Have you caught on yet? How silly that second implication is? It took me a while to see it. How much money we make tends to be all wrapped up in our feelings of self-worth, because, hey, America. Couple that with a generation like mine who’s fighting tooth and nail with the baby boomers for their jobs, and more often than not failing due to lack of experience because hey, we’re still young, and you’ve got a dangerous cocktail that plunges you into mad despair. Except, look at the writers I most admire. No, I take that back. Look at the people I most admire. They tend to also be writers. But they are people first. I think of my middle school English teacher. She saw the passion in our fumbling attempts at poetry and prose. She encouraged us, praised us, pushed us to open up that well of creativity and let it pour out through the pen. My 11th grade English teacher, who had us write essays on what we thought was important to the human experience. Who let us pick feminist books to read, and told us that our opinions mattered and that we were people, valid and important, regardless of the teenage hormones raging inside. My undergraduate creative writing professor, who realized how fragile a college student’s ego could be, who would couch criticism in encouragement just to see a student keep writing, because as soon as we stop, there’s where despair lies. My graduate professors, who realized how necessary and timely it was to deliver swift kicks to the ass when your dialogue was boring or nothing was working dammit.

What’s interesting about all of these people? They have day jobs. Teacher salaries, sure, which are woefully inadequate in America. But a lot of them are writers. Published writers. Hell, my graduate thesis professor has written so many books and short stories that his Wikipedia page lists only “Selected Works.” I’d say he’s pretty impossible to keep up with, the pace he writes at. So why teach? Along with a healthy appreciation for the profession, I imagine there’s some desire in there for many of these people to have a slightly more stable, reliable income. Maybe health insurance, if we even offer that to teachers (we do, right? Please tell me they get health insurance…).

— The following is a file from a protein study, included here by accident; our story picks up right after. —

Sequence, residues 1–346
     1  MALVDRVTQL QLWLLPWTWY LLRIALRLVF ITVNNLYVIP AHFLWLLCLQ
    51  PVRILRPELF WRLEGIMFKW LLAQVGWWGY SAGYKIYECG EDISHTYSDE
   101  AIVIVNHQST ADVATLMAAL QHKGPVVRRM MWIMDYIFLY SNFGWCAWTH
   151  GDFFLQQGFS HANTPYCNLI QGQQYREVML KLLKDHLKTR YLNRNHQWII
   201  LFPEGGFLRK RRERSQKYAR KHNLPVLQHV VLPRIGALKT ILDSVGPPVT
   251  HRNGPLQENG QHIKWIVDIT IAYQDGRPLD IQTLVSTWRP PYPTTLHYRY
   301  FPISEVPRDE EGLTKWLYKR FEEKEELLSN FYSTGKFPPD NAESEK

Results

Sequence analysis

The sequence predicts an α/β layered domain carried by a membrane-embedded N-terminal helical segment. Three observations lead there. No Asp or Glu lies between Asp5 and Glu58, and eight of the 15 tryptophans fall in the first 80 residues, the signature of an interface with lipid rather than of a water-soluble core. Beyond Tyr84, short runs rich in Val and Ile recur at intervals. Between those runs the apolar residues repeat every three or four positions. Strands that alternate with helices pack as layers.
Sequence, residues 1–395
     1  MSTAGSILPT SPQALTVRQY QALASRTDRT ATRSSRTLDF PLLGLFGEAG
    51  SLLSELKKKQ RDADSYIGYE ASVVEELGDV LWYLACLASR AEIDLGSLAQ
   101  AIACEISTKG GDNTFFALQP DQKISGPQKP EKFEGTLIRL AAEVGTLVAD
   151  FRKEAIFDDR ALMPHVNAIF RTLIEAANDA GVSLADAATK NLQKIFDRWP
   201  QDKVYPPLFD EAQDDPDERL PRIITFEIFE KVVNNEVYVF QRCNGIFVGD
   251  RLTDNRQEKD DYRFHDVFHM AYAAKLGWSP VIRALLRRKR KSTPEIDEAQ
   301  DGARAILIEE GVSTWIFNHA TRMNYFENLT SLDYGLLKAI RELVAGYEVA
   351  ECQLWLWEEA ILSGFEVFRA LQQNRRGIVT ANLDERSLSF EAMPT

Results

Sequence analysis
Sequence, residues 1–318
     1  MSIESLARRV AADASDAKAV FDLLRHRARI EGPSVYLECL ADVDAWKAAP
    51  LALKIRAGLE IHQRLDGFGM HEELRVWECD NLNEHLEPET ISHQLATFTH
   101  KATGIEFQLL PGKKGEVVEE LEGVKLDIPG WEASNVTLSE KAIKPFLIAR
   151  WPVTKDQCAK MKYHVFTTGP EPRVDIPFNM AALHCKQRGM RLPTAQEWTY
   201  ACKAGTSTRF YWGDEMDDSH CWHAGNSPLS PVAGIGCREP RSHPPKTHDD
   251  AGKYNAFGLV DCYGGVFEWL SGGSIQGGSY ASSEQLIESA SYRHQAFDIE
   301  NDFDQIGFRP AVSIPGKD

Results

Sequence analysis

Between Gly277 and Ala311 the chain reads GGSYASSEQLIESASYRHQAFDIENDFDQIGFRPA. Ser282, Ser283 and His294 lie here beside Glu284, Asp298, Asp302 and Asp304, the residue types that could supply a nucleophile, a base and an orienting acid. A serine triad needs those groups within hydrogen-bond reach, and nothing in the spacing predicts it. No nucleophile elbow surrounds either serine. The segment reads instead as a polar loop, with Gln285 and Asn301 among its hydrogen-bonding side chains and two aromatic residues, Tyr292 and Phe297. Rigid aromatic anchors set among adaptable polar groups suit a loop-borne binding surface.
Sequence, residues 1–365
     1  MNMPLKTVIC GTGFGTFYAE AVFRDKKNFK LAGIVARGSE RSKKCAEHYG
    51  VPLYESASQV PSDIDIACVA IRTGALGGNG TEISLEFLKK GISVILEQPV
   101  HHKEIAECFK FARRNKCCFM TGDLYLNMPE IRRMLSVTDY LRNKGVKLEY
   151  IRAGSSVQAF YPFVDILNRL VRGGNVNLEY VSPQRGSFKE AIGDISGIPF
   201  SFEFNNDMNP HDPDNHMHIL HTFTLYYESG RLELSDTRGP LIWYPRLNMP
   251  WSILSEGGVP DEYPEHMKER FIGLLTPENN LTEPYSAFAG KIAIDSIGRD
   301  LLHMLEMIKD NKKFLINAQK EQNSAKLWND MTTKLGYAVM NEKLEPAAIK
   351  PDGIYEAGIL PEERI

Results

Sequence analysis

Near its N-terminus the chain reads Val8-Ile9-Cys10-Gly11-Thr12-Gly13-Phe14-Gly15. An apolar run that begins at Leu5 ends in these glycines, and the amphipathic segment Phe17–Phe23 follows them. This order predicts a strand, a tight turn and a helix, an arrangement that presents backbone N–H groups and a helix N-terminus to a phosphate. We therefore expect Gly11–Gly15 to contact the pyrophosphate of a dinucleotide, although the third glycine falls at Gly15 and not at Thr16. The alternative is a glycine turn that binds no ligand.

So, is it true that the measure of a writer’s success is in how much money they make? I’d say no.

Is it true that the measure of a writer’s success is in whether or not they’re published? Again, I’d say no. There’s a part of us that wants to be heard, to connect with someone out there in the faceless multitude. It’s why we write. But does it have to be through traditional publishing, or does it have to happen within a certain time frame? No, and no.

I’m 25. I’ve got a graduate degree, but no completed manuscripts I’d be ready to send to agents. I’m about to have a baby, which people tell me will take up a lot of my time and energy for the next 18+ years. Should I be down on myself for not being published yet? Or should I use this time to reclaim my natural love of writing, the mysticism and passion that I felt back in the seventh grade?

Because, to me, that’s so much more important than money. Writing used to be so much fun. It had a sense of wonder, of discovery and adventure and exploration. I want to feel that again. And that means, for right now, separating “being published” from my definition of success as a writer.

So on these long nights, when the infuriating, mysterious cases of Restless Leg Syndrome descend and keep me from sleep (not for any proven reason, but just because I’m PREGNANT, like that’s a specific medical, chemical, hormonal, genetic reason for something…), maybe I’ll be here, trying to reclaim that sense of wonder.


You can find the other posts in my series on hyperemesis gravidarum here.

I’ve Forgotten How to Write

I’ve been blocked for a while on the novel I’m writing. Ask me any time in the past six or seven years if writer’s block is a real thing, I would say, “Nope.” I acknowledge that there’s a balance between inspiration, imagination, dedication and application. “Filling up the creative well” is what some people call it. I always liked the lyricism of the “my cup runneth over” line when I was a kid, and I always pictured it like love. When you give love away, you don’t feel empty. You feel filled up. The way I feel when I give my time to the suicide crisis lines, or when I hold off on getting up because my cat is in my lap and comfortable, or when I tell my husband to go to sleep even though we’re in the middle of a conversation, because he’s tired and having trouble staying awake.